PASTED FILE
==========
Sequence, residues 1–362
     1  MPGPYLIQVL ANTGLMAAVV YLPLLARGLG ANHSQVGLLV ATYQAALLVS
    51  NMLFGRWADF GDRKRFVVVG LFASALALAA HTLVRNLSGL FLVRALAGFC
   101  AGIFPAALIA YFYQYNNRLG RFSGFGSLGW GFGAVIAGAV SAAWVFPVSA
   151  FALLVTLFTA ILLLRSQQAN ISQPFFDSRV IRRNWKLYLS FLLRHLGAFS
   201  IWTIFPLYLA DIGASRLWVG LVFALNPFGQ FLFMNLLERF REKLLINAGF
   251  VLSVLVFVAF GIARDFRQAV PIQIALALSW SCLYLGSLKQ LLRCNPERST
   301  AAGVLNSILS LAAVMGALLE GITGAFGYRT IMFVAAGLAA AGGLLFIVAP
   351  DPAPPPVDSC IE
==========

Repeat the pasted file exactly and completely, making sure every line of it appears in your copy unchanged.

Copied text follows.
Sequence, residues 1–362
     1  MPGPYLIQVL ANTGLMAAVV YLPLLARGLG ANHSQVGLLV ATYQAALLVS
    51  NMLFGRWADF GDRKRFVVVG LFASALALAA HTLVRNLSGL FLVRALAGFC
   101  AGIFPAALIA YFYQYNNRLG RFSGFGSLGW GFGAVIAGAV SAAWVFPVSA
   151  FALLVTLFTA ILLLRSQQAN ISQPFFDSRV IRRNWKLYLS FLLRHLGAFS
   201  IWTIFPLYLA DIGASRLWVG LVFALNPFGQ FLFMNLLERF REKLLINAGF
   251  VLSVLVFVAF GIARDFRQAV PIQIALALSW SCLYLGSLKQ LLRCNPERST
   301  AAGVLNSILS LAAVMGALLE GITGAFGYRT IMFVAAGLAA AGGLLFIVAP
   351  DPAPPPVDSC IE